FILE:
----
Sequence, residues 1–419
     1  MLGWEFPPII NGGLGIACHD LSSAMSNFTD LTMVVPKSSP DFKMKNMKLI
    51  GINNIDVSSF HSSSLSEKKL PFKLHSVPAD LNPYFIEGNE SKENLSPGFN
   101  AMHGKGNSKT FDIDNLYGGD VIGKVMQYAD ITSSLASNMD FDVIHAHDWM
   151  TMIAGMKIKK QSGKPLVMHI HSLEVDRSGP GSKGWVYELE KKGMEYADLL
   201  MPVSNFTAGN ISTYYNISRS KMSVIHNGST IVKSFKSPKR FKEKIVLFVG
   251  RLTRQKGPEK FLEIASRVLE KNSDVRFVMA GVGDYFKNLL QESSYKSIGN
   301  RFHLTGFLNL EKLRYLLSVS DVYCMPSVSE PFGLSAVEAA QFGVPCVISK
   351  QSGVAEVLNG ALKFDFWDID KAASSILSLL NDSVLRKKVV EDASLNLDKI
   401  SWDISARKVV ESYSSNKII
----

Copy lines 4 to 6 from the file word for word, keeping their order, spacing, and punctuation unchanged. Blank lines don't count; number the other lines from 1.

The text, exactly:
   101  AMHGKGNSKT FDIDNLYGGD VIGKVMQYAD ITSSLASNMD FDVIHAHDWM
   151  TMIAGMKIKK QSGKPLVMHI HSLEVDRSGP GSKGWVYELE KKGMEYADLL
   201  MPVSNFTAGN ISTYYNISRS KMSVIHNGST IVKSFKSPKR FKEKIVLFVG